Years ago, I was asked to take over an operation that had a bad retention problem. My own HR person couldn't crack the code on the causal factors behind it. Our firm's global HR group and our IT department weren't any help either. So, one weekend, I pulled the paper files on everyone who had ever worked in the group going back 17 years. My "analysis" included putting files into piles based on years they stayed with the firm. Then, I started to compare the attributes of the short-timers with the folks who stuck around. After testing many hypotheses, one of them finally stuck out: people with liberal arts bachelor degrees only stayed with the company about 1 year 11 months (+/- 1 month). That one data point was worth millions to my group as we could change the focus of our recruiting, save on training costs, increase margins, etc. This was HR analytics the old school way. Can't HR analytics technology do at least this????
Evolv On Demand is cool HR technology that warrants attention. Why? It's the sort of product that's really a BI tool that has been built out fully to support specific HR needs. What it isn't is just a bunch of analytic parts that users have to figure out how to use.
My biggest issue with most HR BI/Analytic applications is that they aren't applications at all. Someone took a good tool and did a simple 9-box depiction of pay rates versus performance rankings. With that one graphic, they declare it's an application and they're done! I don't think so.
Most of the newer HR analytic apps are simply displaying data already found in pre-existing HR portals or other HR reports. They contain traditional HR transaction data and occasionally correlate it to some other HR data. NO REAL INSIGHT comes from regurgitating the same transaction data over and over again. Yet, for the unimaginative HR software vendors out there, that's exactly how they play their bolt-on, poorly thought-through analytic apps.
Evolv did something few HR software vendors do - they took the time to understand what sort of problems a subset of employers routinely encounter but rarely can solve. They then took those problems and asked what sort of other information (i.e., non-HR data) would be needed to really understand these problems. This process is original research and it's what most software vendors, HR and other, have forgotten how to do.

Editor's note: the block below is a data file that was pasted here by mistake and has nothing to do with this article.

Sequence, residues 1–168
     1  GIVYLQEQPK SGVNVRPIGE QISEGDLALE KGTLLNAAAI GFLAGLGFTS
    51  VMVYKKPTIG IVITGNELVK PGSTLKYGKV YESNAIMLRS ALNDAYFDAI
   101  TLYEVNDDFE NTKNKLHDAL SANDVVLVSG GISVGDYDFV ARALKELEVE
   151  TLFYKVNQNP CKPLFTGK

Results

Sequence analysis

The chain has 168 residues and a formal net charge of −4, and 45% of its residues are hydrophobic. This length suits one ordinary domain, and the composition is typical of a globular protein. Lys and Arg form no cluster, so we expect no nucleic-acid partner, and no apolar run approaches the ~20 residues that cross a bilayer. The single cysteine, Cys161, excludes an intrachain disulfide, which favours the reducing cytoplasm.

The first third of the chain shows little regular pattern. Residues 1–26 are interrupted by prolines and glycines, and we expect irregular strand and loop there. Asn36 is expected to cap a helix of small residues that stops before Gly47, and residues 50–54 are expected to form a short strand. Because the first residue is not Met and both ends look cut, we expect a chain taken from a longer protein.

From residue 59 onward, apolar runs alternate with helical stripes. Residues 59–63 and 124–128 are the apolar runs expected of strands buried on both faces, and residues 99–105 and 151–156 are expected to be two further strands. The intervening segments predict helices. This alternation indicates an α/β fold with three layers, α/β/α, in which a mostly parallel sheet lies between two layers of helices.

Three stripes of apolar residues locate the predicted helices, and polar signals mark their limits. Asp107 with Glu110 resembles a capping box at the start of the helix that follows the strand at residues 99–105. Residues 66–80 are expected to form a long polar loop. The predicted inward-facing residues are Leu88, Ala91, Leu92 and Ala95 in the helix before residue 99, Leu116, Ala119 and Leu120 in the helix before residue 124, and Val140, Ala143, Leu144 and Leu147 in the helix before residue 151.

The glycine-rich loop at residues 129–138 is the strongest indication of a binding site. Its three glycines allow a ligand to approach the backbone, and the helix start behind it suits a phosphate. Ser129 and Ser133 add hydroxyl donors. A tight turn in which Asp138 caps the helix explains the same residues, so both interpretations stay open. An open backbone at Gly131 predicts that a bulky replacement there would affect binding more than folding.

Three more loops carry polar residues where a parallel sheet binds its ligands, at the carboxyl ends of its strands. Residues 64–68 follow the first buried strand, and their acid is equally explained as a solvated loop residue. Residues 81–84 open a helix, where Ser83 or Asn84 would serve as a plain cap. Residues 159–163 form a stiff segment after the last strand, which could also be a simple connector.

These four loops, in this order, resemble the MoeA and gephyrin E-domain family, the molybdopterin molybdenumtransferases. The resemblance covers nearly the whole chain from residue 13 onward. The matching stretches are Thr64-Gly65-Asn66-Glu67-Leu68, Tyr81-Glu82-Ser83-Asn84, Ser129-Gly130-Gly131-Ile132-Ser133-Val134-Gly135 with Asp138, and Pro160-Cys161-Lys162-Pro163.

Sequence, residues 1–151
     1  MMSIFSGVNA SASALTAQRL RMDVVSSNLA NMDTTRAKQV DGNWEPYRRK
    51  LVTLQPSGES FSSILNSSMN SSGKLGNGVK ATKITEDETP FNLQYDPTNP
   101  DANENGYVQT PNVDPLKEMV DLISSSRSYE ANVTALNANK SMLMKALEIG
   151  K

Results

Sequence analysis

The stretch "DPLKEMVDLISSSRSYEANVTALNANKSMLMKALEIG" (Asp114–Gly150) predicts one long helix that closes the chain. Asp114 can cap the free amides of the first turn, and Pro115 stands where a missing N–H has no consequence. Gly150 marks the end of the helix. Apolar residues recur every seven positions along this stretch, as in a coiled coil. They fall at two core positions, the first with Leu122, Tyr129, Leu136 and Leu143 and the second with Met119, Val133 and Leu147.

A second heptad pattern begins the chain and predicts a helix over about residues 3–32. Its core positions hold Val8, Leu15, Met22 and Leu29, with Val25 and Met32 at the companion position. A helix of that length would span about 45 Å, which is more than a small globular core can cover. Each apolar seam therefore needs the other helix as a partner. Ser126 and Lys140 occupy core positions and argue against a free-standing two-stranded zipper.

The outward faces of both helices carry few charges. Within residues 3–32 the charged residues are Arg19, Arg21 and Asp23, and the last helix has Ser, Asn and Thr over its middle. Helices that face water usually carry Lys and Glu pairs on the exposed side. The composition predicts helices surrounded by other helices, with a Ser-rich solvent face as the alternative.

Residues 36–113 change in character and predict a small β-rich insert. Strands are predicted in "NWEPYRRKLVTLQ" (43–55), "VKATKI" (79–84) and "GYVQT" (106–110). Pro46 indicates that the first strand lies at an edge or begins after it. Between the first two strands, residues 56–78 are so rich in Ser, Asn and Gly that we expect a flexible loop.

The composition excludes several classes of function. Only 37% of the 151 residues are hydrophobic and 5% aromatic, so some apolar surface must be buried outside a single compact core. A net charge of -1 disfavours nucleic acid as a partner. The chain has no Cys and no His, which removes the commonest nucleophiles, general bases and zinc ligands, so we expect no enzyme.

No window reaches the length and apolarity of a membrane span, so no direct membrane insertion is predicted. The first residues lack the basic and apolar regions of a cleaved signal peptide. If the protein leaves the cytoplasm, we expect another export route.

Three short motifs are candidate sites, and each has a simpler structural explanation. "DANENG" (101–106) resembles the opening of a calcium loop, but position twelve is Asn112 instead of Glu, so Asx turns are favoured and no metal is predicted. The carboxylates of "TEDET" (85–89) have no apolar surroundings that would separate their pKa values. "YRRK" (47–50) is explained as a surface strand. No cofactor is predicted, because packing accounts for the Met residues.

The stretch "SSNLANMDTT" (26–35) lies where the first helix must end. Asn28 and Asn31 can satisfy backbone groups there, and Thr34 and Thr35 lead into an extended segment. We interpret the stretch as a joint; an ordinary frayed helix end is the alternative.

Evolv has utilities to identify for example:
1) Why some groups of employees have different retention rates? Was it because some groups had a better trainer than another? Could it be the amount of time these people spent in the training?
2) What factors are driving increases or decreases in worker productivity?
3) What can be done to drive greater cross-selling of solutions by call center employees?
4) How can a business identify the characteristics that will predict which employees will become top performers?
The approach Evolv has taken means their solution is solving the challenges of companies that hire large numbers of workers initially. I say initially as a great analytics vendor has to pick out a couple of big problem areas or market segments and then develop the solutions for them. Afterwards, they can select more problem areas to solve. The real challenge of an analytics solutions provider is that they must:
The process above is straightforward but used too infrequently by some analytic solutions providers, especially those that peddle tools.
Evolv, for now, can best help firms like retailers, call center operators, fast food firms and others that hire large volumes of employees. Their current mix of analytic tools can improve hiring & training decisions. It gets data from HR, training, sales and other systems to determine which employee traits, which trainers, etc. are delivering the most value to the firm.
Evolv has also developed a number of assessment tools to help firms identify which applicants possess traits that should engender greater on the job success. The traits are uniquely matched to a given employer as some firms have (and want) greater concentrations of some traits over others. Your firm may value a call center employee that will go above and beyond to delight a customer. Another firm may value prospective employees that will do a great job of upselling customers to new/additional products. Each desired outcome drives a need for a different collection of traits. I'll leave it to Evolv to explain how they do this.
Evolv markets themselves as a ‘data-driven workforce selection' vendor. But I believe it is more than this. Last week, Evolv brought into their executive team a former Oracle executive as their new VP of Engineering. This executive's expertise is in predictive analytics. In a briefing I had with a different Evolv executive, it was apparent that the workforce selection capability they are marketing today is but an indicator of other capabilities to come.
Bottom line: I like the direction the company has in solving tough, thorny HR problems. I like the way they approach analytics and HR, especially their willingness to use non-HR data as part of their solutions. Finally, I look forward to new innovations from them and others in the HR analytics space because I really don't want to have to dig through 17 years of personnel records ever again.